The Indiana State Budget Committee listened to three separate forecasts recently regarding Medicaid, the economy and revenue; together these will set the stage for debates in the coming session over the next state biennium budget.
The day started with the Medicaid presentation by Michael A. Gargano, secretary of the Family and Social Services Administration (FSSA) and Robert M. Damler, an actuary with the firm of Milliman, Inc., a financial and health care consultant on contract to the FSSA. The duo outlined the various projections relative to Medicaid expenditure obligations anticipated over the next two years. While predicting Medicaid expenses is particularly difficult this year due to the unknowns of the Affordable Care Act (ACA), the forecast nevertheless attempts to estimate the potential liabilities of the state by making a series of assumptions regarding: the implementation of programs, reimbursement amounts, the impact of new provisions, additional federal actions, long-term trends, and ultimately, the increase in Medicaid recipients and the state’s financial obligations.
Their forecast projects the general fund monies needed to provide Medicaid assistance will grow by 17.1% in fiscal year (FY) 2014 and 8.7% in FY2015. That translates to almost $450 million over the biennium. Fortunately, however, the appropriations for Medicaid have exceeded the actual expenditures in FY2012 and are expected to do so again in FY2013 (by $264 million and $234 million, respectively). The over appropriation in FY2013 will help offset the FY2014 increase some, but overall dollar obligations will nevertheless grow significantly. If you compare the appropriated amounts in the last budget with the projections of what will be needed for Medicaid in the next two years, you still end up with a difference of $428 million (The math: FY12 appropriation = $1716M, FY13 appropriation = $1882M, projected FY14 = $1929M, FY15 = projected $2097M; 1716 +1882= 3598; 1929 + 2097 = 4026; 4026-3598 = 428) Keep this additional $428 million dollars in mind when we consider the general fund revenue projections below.
This presentation was given by James Diffley, chief regional economist for IHS Global Insight. Diffley gave the big picture on the U.S. and Indiana economic outlooks. His overview considered the effects of global and domestic uncertainties on exports and business capital spending, housing and vehicle markets, consumer spending, employment and income levels, potential tax changes and the chance of recession if we go over the “fiscal cliff.” In short, IHS is predicting a continuation of modest/slow growth. Indiana is situated well, but remains vulnerable to all the outside factors.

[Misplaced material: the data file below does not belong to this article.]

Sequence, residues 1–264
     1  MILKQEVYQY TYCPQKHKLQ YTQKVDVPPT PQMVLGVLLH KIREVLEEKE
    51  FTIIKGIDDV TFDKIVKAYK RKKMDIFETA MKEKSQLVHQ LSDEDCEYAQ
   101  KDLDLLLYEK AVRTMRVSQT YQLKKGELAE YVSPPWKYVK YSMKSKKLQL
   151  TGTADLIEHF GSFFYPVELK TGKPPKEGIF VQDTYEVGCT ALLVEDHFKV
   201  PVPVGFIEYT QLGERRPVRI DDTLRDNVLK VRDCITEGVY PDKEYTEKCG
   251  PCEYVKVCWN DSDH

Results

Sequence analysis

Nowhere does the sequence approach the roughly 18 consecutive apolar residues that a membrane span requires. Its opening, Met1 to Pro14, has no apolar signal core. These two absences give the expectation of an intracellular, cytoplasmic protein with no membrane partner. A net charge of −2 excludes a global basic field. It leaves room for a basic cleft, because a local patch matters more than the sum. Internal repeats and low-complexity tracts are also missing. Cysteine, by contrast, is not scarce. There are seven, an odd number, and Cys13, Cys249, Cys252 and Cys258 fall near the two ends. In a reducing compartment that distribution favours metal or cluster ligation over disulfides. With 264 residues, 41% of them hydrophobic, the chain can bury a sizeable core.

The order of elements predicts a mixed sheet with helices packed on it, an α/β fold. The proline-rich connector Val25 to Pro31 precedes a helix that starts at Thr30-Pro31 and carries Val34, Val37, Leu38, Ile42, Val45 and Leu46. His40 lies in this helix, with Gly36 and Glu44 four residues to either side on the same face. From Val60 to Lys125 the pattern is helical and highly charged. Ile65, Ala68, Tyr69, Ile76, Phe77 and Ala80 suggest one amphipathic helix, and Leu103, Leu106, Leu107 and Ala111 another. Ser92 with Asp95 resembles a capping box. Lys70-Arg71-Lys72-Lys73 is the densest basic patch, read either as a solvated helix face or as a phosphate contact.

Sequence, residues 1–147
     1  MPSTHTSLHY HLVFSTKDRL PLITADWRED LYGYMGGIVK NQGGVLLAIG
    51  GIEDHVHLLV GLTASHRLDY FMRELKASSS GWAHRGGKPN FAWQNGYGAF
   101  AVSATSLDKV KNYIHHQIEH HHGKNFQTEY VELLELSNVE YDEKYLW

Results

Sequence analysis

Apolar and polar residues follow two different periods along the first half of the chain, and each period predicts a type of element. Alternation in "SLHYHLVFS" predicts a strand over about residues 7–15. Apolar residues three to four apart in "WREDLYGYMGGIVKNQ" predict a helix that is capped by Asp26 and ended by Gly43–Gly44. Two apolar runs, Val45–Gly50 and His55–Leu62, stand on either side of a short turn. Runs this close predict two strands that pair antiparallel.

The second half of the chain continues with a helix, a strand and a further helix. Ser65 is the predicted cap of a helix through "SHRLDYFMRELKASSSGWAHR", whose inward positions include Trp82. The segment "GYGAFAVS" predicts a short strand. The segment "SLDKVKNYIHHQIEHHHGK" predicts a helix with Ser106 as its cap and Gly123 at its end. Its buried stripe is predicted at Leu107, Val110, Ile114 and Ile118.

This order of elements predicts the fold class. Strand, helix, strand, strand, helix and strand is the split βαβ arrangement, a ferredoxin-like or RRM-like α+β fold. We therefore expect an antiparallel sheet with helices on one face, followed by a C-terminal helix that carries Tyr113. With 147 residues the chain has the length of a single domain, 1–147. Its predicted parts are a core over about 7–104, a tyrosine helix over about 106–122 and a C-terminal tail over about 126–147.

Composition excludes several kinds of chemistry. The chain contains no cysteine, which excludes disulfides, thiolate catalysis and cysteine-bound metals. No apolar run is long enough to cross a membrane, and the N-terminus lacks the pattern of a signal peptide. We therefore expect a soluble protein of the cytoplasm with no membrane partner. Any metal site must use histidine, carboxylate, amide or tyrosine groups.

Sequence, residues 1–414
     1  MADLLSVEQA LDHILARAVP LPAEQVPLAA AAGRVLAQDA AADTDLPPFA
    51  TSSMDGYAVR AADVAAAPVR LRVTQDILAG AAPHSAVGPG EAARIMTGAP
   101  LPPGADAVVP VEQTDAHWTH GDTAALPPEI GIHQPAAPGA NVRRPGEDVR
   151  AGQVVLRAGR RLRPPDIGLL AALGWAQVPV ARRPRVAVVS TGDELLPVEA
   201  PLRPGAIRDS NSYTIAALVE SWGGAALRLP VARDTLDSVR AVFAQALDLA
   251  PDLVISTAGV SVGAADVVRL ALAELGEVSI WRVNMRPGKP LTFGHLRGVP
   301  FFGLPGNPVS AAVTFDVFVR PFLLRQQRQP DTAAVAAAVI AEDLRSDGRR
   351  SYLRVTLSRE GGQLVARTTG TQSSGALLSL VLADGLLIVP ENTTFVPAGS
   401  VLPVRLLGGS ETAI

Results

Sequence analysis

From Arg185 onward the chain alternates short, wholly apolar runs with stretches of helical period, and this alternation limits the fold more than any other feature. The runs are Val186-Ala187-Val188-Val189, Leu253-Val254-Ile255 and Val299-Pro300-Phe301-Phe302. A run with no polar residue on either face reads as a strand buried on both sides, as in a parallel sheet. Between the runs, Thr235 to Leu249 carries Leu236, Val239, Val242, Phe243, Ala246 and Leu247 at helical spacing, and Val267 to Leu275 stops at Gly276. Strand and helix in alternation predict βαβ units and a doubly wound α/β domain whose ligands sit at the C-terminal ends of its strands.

The main attraction of the day was the general fund revenue forecast for fiscal years 2013-2015. This forecast is based on the underlying economic projections of IHS Global Insight but gets down to the nitty-gritty of how much money the budget-makers will have to work with as they put together and debate the details of the next budget. These projections are arrived at by consensus of a bipartisan and non-partisan committee of fiscal analysts who look very closely at all state revenue sources. They meet regularly, apply sophisticated models, track a multitude of factors, receive counsel from numerous advisors, academics and other sources, and have in recent years proven very accurate.
The report took into account recent legislative changes and such things as how alterations to the gaming laws in surrounding states will likely lead to even further reduction in Indiana’s gaming revenues. The bottom line of the revenue forecast committee: Total general revenues are projected to increase by a very modest 2.2% for FY2014 and then another 2.9% in FY2015. In dollar terms, that is $14.65 billion in FY2014 and $15.08 billion in FY2015. The collections for FY2013 were $14.33 billion. The projections represent a slight increase of $320 million for the first year of the new budget and another $430 million in the second year – a mere $750 million over the biennium.
Now let’s go back to the additional $428 million needed simply to meet the projected increase in Medicaid: $750 million minus $428 million leaves only $322 million (a little over 2% of the annual budget) to pay for all other desired budget and fiscal priorities that have been put forth. These include restoring over $350 million in K-12 education cuts, an approximately $100 million pre-school program, several hundred million in stymied university capital projects, billions in long-term road maintenance and other infrastructure needs, as well as the incoming Governor’s proposal to cut individual income taxes by well over $500 million. Clearly, there’s not enough money to go around – let’s see what gets done!